GRE Verbal Reasoning consists of two 30-minute sections, each with 20 questions. This means that you get a minute-and-a-half on average to solve each Verbal question. However, there are about a million different question types and formats on the GRE, some of which require more work than others. For instance, Text Completion questions with two blanks will take longer than Text Completion questions with one blank, and Text Completion questions with three blanks will take longer than Sentence Completion questions with two blanks. Similarly, the first Reading Comprehension question of any passage will be on your screen longer than any other question for the same passage, since you need to read the passage before you even start working on the question. All told, this means that you shouldn't stick to a rigid 90-second time limit for every question.


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So how can you ensure that you stay on track in terms of timing? The first strategy is somewhat counterintuitive: invest time at the beginning to save time later on. There are certain steps in the process of solving a GRE Verbal question that are more valuable than others and that make the following steps easier and quicker — we want to spend most of our time on those steps.

The first valuable step is interpreting what the question is really looking for and what information you already have. Jumping too quickly into solving it is a sure way to miss out on the fundamentals of the question. For Text Completion and Sentence Equivalence, you want to invest your time in interpreting the relationships between the blanks or between a blank and another part of the sentence. For Reading Comprehension, you want to invest your time in skimming the passage and interpreting as you go before even looking at the questions. Then, for each question, you want to invest your time in interpreting what the question is asking for.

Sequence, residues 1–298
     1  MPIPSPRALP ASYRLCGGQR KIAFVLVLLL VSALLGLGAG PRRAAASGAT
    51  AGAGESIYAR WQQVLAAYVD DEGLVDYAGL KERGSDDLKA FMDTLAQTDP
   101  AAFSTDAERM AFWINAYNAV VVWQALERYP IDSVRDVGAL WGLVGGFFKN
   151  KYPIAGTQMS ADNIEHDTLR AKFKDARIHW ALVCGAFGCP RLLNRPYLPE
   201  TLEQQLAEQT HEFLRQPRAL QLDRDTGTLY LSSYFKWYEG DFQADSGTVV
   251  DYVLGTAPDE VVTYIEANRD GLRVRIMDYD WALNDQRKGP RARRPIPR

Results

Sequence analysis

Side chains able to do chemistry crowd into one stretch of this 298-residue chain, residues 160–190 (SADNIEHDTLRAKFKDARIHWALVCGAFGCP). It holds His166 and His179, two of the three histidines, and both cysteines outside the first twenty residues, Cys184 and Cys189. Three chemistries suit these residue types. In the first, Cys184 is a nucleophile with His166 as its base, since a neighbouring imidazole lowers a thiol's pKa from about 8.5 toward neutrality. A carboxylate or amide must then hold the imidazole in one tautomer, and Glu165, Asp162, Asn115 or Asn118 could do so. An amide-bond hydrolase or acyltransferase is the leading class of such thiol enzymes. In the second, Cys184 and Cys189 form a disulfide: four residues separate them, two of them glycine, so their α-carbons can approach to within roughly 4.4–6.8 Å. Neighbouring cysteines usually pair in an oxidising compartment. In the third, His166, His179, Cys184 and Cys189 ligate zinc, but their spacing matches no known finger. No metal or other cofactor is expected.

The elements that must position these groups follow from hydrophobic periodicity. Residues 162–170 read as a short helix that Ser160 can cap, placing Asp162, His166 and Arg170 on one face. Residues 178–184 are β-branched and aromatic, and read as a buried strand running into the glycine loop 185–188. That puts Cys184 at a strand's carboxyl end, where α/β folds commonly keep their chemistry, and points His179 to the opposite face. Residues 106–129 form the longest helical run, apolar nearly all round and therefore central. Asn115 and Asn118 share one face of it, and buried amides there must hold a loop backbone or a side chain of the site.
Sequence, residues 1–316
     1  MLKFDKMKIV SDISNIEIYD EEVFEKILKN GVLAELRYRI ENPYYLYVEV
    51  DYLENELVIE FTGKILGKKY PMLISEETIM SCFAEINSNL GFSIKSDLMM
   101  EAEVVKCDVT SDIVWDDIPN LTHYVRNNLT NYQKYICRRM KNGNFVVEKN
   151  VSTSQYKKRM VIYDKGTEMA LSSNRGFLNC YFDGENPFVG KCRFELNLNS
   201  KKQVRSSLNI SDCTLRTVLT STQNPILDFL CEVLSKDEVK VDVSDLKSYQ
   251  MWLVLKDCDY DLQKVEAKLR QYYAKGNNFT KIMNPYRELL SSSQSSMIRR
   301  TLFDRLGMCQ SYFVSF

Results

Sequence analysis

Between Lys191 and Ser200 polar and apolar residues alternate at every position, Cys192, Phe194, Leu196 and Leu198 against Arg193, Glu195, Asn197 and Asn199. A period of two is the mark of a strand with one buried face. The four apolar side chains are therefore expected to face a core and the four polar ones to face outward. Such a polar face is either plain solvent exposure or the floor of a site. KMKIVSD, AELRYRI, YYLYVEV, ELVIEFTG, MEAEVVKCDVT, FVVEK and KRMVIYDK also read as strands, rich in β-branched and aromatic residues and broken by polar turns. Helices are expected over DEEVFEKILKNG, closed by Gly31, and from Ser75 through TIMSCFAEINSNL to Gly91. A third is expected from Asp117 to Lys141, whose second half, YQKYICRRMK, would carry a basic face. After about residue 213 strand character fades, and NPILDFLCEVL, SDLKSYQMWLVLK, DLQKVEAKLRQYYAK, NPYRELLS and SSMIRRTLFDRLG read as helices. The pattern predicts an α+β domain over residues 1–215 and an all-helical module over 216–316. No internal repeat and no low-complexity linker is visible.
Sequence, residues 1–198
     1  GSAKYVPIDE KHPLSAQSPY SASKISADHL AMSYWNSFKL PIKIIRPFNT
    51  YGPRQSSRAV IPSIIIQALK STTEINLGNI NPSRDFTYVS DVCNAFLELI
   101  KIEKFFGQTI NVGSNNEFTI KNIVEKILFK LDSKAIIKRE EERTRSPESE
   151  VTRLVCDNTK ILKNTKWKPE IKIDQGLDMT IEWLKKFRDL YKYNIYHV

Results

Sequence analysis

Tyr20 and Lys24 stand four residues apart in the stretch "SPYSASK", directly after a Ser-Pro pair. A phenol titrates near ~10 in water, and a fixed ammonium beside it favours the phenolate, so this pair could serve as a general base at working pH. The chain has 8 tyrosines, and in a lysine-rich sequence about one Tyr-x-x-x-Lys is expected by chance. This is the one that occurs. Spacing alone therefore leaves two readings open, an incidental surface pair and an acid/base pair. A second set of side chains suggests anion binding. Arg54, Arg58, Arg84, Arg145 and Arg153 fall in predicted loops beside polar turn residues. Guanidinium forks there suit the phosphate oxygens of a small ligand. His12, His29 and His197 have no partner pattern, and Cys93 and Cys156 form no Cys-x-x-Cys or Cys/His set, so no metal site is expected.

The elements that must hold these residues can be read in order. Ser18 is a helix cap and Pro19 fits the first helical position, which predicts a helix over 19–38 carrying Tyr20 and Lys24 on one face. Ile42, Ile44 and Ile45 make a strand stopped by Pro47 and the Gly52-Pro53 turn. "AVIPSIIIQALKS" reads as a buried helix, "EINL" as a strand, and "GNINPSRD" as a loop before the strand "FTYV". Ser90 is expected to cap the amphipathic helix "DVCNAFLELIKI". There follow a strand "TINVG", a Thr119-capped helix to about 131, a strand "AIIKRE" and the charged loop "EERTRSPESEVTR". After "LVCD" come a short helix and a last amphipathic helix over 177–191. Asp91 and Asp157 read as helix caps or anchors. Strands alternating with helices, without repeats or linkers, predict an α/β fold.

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The second valuable step is predicting. On GRE Verbal, jumping straight into the process of elimination is a guaranteed waste of time and a sure way to fall into the test maker's wrong answer traps. For Text Completion and Sentence Equivalence, you should try to work out how you would fill in the blank if you had no answer choices. For Reading Comprehension, you should work out how you would answer the question if you had free rein. These predictions don't have to be perfect — you don't need to find the perfect word or the most coherent answer. You just need a clear idea of what you're looking for in the correct answer. Then all you need to do is match your prediction with an answer choice — no need to spend extra time getting convinced by wrong answer traps.

Check out the video for the other steps Erika recommends to improve your GRE timing strategy.